While there is seemingly endless information and speculation concerning the top prospects in college basketball, there is little emphasis put on understanding the NBA draft within a larger historical context.
Following the lead of a recent 15-year NBA draft review, let us now look at consistent trends that NBA teams should be acknowledging as they prepare for the upcoming draft.
Many of these historical trends are poorly understood—if they are thought of at all. However, these trends can give NBA teams a significant advantage when it comes to drafting.
Ignoring them can be perilous.
Around draft time, you will hear NBA teams talking optimistically about a future superstar falling to them late in the lottery—but the truth is, it hardly ever happens.
Great players are drafted early.
Of the 25 players drafted since 1997 who have made at least three All-Star teams, only Gilbert Arenas, Tony Parker and Rajon Rondo were selected after No. 10.
Superstars are usually gone within the first five selections. When great players drop out of the Top 5—like Dirk Nowitzki, Tracy McGrady and Amar'e Stoudemire did—it is often because they were unable to prove their value in college. Nonetheless, they are taken by the 10th pick.
There is a surprising drop-off in talent immediately after the first 10 picks in the NBA draft.
Paul Pierce, Joe Johnson, Caron Butler and Andrew Bynum have all made the All-Star team as the 10th overall selection in their respective draft.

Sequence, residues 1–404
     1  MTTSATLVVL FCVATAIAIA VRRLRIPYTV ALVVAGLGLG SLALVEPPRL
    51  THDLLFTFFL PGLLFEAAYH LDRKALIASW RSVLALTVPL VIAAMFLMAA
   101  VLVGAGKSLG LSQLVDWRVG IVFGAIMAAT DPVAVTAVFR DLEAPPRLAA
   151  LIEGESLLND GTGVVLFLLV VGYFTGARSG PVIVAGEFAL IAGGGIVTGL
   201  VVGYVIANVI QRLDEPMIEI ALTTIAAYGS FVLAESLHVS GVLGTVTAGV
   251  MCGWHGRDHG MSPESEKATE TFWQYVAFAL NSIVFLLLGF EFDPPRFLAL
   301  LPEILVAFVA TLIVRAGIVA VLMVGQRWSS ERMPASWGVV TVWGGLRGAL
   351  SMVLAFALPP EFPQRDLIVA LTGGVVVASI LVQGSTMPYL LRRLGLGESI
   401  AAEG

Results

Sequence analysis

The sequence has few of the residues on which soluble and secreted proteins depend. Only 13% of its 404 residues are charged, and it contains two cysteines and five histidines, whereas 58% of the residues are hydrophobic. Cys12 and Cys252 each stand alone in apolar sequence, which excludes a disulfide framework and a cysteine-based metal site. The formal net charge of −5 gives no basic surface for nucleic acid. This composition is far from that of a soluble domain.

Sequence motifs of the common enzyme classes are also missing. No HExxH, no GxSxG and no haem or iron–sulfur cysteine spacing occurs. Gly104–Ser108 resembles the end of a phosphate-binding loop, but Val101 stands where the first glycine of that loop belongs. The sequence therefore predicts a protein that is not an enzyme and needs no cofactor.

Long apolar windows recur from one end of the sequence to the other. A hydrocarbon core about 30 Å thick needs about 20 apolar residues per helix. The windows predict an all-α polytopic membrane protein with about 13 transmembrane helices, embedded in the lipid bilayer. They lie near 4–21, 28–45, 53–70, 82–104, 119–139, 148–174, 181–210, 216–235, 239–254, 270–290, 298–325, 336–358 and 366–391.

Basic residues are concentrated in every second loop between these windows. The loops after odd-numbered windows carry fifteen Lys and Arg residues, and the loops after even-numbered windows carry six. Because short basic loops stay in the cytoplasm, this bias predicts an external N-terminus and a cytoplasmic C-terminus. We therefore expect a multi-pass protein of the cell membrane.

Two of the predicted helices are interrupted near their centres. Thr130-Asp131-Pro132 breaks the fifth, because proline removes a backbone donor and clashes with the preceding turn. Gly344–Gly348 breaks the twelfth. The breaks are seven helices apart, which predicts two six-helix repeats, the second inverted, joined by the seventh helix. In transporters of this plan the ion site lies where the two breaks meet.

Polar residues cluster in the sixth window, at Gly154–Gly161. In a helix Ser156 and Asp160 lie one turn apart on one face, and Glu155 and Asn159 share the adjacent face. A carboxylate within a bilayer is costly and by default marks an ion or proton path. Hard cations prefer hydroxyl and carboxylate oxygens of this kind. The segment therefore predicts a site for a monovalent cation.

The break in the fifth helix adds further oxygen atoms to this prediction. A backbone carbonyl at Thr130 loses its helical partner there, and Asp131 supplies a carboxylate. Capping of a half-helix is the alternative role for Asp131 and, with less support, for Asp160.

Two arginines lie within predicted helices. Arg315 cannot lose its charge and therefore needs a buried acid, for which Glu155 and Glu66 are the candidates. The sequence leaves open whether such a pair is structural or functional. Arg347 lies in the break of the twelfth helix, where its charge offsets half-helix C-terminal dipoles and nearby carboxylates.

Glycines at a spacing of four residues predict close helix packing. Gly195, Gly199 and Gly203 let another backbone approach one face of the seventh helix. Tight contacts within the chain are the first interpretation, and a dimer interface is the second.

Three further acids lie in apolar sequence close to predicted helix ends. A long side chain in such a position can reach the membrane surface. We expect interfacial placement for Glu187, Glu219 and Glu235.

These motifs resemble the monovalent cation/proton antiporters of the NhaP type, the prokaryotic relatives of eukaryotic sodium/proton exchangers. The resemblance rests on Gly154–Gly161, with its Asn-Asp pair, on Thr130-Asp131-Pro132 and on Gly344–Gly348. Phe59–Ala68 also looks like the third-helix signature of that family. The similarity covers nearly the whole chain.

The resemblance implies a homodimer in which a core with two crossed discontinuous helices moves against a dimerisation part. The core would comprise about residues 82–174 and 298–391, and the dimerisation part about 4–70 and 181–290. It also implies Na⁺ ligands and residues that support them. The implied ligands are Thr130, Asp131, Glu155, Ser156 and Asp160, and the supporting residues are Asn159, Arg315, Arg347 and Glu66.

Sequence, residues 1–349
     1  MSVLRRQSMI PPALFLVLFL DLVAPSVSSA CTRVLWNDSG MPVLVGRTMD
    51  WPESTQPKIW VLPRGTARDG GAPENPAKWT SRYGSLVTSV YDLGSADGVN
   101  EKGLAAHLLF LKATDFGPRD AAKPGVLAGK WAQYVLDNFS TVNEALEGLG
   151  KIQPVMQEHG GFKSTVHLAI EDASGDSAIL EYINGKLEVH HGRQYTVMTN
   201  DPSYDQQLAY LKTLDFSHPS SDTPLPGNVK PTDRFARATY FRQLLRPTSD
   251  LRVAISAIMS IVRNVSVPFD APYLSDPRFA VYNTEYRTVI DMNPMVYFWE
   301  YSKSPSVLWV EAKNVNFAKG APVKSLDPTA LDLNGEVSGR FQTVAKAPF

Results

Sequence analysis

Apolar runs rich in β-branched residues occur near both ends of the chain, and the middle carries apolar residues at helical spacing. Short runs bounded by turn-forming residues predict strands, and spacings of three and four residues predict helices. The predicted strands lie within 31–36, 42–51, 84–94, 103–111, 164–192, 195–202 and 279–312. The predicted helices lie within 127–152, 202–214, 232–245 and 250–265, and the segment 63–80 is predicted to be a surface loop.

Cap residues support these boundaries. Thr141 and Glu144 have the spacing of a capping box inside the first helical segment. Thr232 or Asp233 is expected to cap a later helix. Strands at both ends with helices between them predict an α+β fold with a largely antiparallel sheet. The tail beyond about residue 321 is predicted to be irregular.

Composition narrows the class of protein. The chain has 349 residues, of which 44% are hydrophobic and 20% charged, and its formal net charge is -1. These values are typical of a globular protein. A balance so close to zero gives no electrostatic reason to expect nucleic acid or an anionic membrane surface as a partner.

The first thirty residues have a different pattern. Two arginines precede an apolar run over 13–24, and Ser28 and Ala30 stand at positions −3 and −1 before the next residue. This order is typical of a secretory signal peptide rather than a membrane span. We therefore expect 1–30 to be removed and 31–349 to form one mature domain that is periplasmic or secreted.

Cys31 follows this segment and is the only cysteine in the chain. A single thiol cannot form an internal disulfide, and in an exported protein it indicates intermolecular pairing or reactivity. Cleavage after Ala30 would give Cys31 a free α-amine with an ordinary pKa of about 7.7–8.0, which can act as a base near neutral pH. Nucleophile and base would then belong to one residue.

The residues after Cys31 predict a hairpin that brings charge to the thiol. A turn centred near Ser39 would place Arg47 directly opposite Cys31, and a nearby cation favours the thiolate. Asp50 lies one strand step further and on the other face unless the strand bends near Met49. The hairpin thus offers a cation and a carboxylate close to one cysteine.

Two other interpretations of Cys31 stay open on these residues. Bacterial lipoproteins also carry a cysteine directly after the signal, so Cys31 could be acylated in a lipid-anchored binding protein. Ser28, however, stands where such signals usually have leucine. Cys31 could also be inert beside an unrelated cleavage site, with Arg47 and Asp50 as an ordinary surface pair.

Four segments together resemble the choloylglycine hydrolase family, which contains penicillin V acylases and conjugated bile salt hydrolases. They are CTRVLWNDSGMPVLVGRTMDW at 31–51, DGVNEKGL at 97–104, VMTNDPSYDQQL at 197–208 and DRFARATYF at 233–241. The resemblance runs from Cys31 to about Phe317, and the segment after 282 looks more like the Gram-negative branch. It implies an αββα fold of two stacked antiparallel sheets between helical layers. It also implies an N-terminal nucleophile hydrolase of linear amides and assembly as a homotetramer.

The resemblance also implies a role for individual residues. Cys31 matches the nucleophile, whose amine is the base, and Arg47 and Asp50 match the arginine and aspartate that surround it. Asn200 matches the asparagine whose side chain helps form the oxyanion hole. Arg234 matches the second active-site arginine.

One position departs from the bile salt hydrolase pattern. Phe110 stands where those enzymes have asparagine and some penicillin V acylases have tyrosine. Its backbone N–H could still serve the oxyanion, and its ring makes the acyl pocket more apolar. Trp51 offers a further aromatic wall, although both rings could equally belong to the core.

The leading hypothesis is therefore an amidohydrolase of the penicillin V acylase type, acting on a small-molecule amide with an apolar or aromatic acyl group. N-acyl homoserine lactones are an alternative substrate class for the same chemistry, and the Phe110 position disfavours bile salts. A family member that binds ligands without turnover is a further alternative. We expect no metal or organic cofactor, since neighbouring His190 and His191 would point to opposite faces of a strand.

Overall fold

But not a single player since 1997 who was drafted 11th, 12th, 13th, 14th or 15th has been an All-Star.
Teams looking for stars at the end of the lottery should look elsewhere and very often might want to consider trading their pick.
There is not much of an advantage to having a draft pick in the teens as opposed to the 20s—even though picks in the teens are usually much more highly coveted by NBA teams.
Since the 1997 draft, seven All-Stars were drafted between No. 11 to No. 20, and seven All-Stars were drafted between No. 21 to No. 30. It seems players taken in the 20s, in general, have just as good a chance of becoming good pros as players taken in the teens.
They are also contractually less expensive.
Recent picks in the 20s include Rajon Rondo, Kyle Lowry, Ryan Anderson, Serge Ibaka and Kenneth Faried.
Perhaps no part of the NBA draft is as misunderstood and under-appreciated as the second round.
Good, solid players are almost always available in Round 2. Sometimes, they even go undrafted, as was the case with Jeremy Lin.
Second rounders selected since 2002 include Carlos Boozer, Mo Williams, Anderson Varejao, Monta Ellis, Lou Williams, Marcin Gortat, Paul Millsap, Carl Landry, Marc Gasol, Nikola Pekovic, Omer Asik, Goran Dragic, Marcus Thornton and Chandler Parsons—to name just a few successful later picks.
Clearly, second-round selections can turn into excellent pros.
However, even if a second-round pick is only adequate, the player still has value. That is because players selected in the second round are contractually much less expensive compared to their veteran NBA counterparts.
Nonetheless, the second round is an afterthought for many NBA teams.